Wheat prices rocket on Russia export ban
Wheat prices struck two-year highs this week as major exporter Russia banned grain exports after a record drought and fires ravaged its crop.
Markets shook off news that the US economy shed more jobs than expected in July. Some 131,000 jobs were lost and the unemployment rate remained stuck at 9.5 percent, the US government said on Friday.
The figures were seen as yet another sign that the US economic recovery was stagnating and that the jobs market may take years to get back on its feet.
GRAINS AND SOYA: Wheat prices soared in the wake of the decision by Russia — the world’s third biggest exporter — to ban exports until the end of 2010.
Wheat futures struck 7.89 dollars a bushel (about 25 kilogrammes) on Friday in Chicago trade — the highest level since late 2008.
“Concerns on the impact of drought on Russian wheat production … is dominating market focus,” said Barclays Capital analyst Sudakshina Unnikrishnan.
“Weather forecasts from Russia point to the continuation of drought and the market focus remains on Russian wheat export potential and how lowered supply prospects will feed into global wheat production and trade balances,” she added.
Russia has seen 10 million hectares (25 million acres) of arable land destroyed in the heatwave and the government has warned grain production this year will be lower than annual domestic demand at 70-75 million tonnes.
“It is going to interrupt trade and create instability in the market … a situation which was not serious has now become serious,” said Abdolreza Abbassian, economist and secretary of the Intergovernmental Group on Grains at the UN Food and Agricultural Organisation (FAO).
“It was a very quick and unexpected decision,” he told AFP in Rome.
Crucially, the government decree to ban exports also stated that the decision should be matched by its partners in a regional customs union, Belarus and Kazakhstan.
Kazakhstan is a major player on global grain markets and officials in Astana said its position could be made clear next week.
Analysts at Commerzbank said the United States could be a key beneficiary of the crisis.
“The US, in particular, might benefit from this, because it once again had a good wheat harvest and it also has sufficient wheat inventories,” they wrote in a research note.
By Friday on the Chicago Board of Trade, wheat for delivery in September had jumped to 7.69 dollars a bushel from 6.61 dollars the previous week.
Maize for December rose to 4.12 dollars a bushel from 4.06 dollars.
November-dated soyabean meal — used in animal feed — increased to 10.30 dollars from 10.05 dollars.
OIL: Crude oil prices rose sharply to three-month highs above 82 dollars, with sentiment boosted by soaring global stock markets, strong bank results and solid US economic data at the start of the week.
Traders meanwhile shrugged off downbeat economic news in China, which is the world’s second biggest energy-consuming nation after the United States.
“Oil prices ran higher on the expectation that improving economic conditions will bring about energy demand growth,” said Mike Fitzpatrick of MF Global.
But he warned that “financial markets can clearly run ahead of economic reality, as has been demonstrated time after time.”
By late Friday on the New York Mercantile Exchange, Texas light sweet crude for delivery in September had rallied to 81.91 dollars a barrel from 77.67 dollars the previous week.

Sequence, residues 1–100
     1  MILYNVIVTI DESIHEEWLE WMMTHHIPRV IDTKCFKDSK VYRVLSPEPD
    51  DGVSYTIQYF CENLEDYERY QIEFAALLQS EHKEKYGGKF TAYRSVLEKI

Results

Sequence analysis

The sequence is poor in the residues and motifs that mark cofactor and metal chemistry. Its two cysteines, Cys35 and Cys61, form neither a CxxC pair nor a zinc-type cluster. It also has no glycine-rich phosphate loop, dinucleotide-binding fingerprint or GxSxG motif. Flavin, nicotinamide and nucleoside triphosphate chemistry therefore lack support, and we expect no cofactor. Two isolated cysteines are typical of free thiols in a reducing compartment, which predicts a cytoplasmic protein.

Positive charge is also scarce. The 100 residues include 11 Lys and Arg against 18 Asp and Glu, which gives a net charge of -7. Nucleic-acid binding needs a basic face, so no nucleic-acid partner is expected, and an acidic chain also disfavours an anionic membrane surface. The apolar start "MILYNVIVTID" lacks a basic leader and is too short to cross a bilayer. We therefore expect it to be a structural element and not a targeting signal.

On London’s Intercontinental Exchange, Brent North Sea crude for September jumped to 81.30 dollars compared with 77.04 dollars.
PRECIOUS METALS: Prices advanced across the board.
“The entire precious metals complex posted gains … as equity markets regained upward momentum, (on) positive macro data and the euro made further gains against the dollar,” said Barclays Capital analyst Suki Cooper.
By late Friday on the London Bullion Market, gold advanced to 1,207.75 dollars an ounce from 1,169 dollars.
Silver rose to 18.30 dollars an ounce from 17.66 dollars.
On the London Platinum and Palladium Market, platinum climbed to 1,571 dollars an ounce from 1,555 dollars.
Palladium increased to 491 dollars an ounce from 487 dollars.
BASE METALS: The price of tin topped 20,000 dollars a tonne for the first time since August 2008 — reaching a 23-month high of 20,900 dollars.
“The supply on the global tin market is tightening, in particular because of declining exports from Indonesia, the biggest tin exporter worldwide,” noted analysts at Commerzbank.
By late Friday on the London Metal Exchange, copper for delivery in three months jumped to 7,421 dollars a tonne from 7,225 dollars.
Three-month aluminium rose to 2,215 dollars a tonne from 2,134 dollars.
Three-month lead gained to 2,198 dollars a tonne from 2,050 dollars.
Three-month tin stood at 20,600 dollars a tonne from 19,540 dollars.
Three-month zinc increased to 2,136 dollars a tonne from 1,991 dollars.
Three-month nickel rallied to 22,140 dollars a tonne from 20,635 dollars.
COFFEE: Coffee futures dropped one week after striking a 12-year high in London on keen demand from speculative buyers.
By Friday on LIFFE — London’s futures exchange — Robusta for delivery in September stood at 1,727 dollars a tonne, down from 1,810 dollars.
On the New York Board of Trade (NYBOT), Arabica for September fell to 169.25 US cents a pound from 178.75 cents.
COCOA: Cocoa prices retreated.
By Friday on LIFFE, cocoa for delivery in September fell to 2,202 pounds a tonne from 2,279 pounds the previous week.
On NYBOT, the September cocoa contract dropped to 2,996 dollars a tonne from 3,070 dollars.
SUGAR: Sugar futures declined.
By Friday on NYBOT, the price of unrefined sugar for delivery in October decreased to 18.33 US cents a pound from 19.40 cents.
On LIFFE, the price of a tonne of white sugar for October fell to 543 pounds from 580 pounds.
RUBBER: Malaysian rubber prices increased.
The Malaysian Rubber Board’s benchmark SMR20 contract rose to 302.65 US cents a kilo from 290.85 cents.